- Not to be confused with Mythology (book)
The 1st English edition
|Publisher||Les Lettres nouvelles|
Published in English
|Media type||Print (Softcover)|
Mythologies is a book by Roland Barthes, published in 1957. It is a collection of essays taken from Les Lettres nouvelles, examining the tendency of contemporary social value systems to create modern myths. Barthes also looks at the semiology of the process of myth creation, updating Ferdinand de Saussure's system of sign analysis by adding a second level where signs are elevated to the level of myth. It is considered to be a key antecedent of cultural studies.
Mythologies is split into two: Mythologies and Myth Today, the first section consisting of a collection of essays on selected modern myths and the second further and general analysis of the concept.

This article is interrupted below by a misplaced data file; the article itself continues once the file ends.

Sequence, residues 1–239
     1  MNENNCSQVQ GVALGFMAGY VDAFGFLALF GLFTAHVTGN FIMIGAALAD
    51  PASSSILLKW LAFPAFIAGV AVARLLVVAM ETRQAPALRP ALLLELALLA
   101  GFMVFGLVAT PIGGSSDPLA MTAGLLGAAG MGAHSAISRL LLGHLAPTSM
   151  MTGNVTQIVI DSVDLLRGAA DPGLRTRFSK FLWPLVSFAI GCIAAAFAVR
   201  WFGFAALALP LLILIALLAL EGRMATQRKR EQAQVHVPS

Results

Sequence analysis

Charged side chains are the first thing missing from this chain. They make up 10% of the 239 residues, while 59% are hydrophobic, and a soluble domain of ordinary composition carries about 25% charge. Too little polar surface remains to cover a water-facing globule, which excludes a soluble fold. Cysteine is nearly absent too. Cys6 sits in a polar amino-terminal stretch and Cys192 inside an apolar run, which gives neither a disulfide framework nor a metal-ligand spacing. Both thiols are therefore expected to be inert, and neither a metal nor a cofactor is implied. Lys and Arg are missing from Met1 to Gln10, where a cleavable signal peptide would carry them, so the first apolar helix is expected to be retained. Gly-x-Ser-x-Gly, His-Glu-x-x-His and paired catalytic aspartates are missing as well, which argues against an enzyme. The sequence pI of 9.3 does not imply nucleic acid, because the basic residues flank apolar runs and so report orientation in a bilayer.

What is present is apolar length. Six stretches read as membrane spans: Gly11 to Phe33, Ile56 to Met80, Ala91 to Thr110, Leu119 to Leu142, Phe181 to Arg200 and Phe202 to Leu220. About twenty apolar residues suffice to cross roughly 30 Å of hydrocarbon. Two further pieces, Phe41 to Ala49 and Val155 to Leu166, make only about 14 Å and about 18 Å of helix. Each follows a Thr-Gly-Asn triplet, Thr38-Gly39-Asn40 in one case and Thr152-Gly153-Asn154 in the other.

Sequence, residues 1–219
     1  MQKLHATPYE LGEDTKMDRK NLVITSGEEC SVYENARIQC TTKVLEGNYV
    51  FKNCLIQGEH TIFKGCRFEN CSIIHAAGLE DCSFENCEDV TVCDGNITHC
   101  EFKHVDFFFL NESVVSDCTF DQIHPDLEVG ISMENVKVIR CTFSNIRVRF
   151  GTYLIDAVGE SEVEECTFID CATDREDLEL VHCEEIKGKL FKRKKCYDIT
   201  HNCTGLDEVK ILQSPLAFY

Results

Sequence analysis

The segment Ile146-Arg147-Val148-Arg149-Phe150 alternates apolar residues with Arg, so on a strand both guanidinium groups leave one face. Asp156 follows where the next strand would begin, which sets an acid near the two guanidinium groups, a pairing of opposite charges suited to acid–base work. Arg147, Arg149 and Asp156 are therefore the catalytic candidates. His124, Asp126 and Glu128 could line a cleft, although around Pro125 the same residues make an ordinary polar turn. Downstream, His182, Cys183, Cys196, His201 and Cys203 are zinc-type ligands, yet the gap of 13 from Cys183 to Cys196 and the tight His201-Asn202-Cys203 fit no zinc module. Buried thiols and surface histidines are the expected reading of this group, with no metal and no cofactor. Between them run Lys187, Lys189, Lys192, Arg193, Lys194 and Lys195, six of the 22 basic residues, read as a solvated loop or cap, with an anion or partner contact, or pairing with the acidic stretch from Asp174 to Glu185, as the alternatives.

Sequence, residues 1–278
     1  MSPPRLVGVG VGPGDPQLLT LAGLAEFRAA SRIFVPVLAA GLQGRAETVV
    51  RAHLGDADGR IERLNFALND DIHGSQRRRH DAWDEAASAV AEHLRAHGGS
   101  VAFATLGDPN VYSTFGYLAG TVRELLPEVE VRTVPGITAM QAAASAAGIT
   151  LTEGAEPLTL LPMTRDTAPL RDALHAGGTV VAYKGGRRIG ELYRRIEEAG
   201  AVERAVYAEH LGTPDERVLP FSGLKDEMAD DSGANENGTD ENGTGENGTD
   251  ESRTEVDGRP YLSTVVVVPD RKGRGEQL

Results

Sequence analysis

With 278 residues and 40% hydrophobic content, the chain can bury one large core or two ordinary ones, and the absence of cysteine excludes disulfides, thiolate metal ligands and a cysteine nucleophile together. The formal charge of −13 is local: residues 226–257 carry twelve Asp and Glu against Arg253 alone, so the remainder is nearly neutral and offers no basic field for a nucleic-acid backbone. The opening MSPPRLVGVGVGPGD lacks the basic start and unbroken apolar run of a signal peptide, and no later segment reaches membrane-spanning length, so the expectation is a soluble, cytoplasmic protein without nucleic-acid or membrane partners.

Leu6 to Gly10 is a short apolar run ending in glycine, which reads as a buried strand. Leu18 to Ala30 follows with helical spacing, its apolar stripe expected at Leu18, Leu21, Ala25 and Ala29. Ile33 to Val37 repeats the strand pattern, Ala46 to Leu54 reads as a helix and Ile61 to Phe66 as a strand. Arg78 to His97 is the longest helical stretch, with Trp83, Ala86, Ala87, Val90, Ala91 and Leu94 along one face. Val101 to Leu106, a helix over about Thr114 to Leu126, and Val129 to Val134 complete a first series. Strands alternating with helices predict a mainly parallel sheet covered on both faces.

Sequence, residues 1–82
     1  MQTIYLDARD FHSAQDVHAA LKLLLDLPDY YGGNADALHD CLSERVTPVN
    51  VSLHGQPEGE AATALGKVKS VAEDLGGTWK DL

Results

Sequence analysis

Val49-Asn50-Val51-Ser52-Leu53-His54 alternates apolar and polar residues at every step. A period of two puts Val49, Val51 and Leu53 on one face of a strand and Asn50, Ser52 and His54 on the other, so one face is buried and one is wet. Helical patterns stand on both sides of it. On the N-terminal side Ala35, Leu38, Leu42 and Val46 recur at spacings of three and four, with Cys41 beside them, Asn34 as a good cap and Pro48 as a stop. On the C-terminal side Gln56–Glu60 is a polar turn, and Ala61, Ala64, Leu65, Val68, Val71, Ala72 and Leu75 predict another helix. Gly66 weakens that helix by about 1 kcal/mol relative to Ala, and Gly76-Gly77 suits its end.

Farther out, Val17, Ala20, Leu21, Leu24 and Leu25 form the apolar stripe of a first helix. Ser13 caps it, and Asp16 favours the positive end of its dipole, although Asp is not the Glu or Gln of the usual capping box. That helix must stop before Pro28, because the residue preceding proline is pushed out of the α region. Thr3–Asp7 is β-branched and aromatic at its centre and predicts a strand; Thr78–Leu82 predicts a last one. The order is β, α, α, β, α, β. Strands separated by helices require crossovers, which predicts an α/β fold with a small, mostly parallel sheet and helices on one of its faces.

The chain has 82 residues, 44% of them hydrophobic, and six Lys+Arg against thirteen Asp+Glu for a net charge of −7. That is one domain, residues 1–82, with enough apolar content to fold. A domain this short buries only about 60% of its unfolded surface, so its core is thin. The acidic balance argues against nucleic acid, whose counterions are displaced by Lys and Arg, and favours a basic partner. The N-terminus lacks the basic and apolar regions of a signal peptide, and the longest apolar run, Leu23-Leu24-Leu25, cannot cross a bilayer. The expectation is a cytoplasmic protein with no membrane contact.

The first section of Mythologies describes a selection of modern cultural phenomena, chosen for their status as modern myths and for the added meaning that has been conferred upon them. Each short chapter analyses one such myth, ranging from Einstein's Brain to Soap Powders and Detergents. They were originally written as a series of bi-monthly essays for the magazine Les Lettres Nouvelles.
In a typical example: Barthes describes the image that has been built up around Red Wine and how it has been adopted as a French national drink, how it is seen as a social equaliser and the drink of the proletariat, partly because it is seen as blood-like (as in Holy Communion) and points out that very little attention is paid to red wine's harmful effects to health, but that it is instead viewed as life-giving and refreshing- 'in cold weather, it is associated with all the myths of becoming warm, and at the height of summer, with all the images of shade, with all things cool and sparkling.'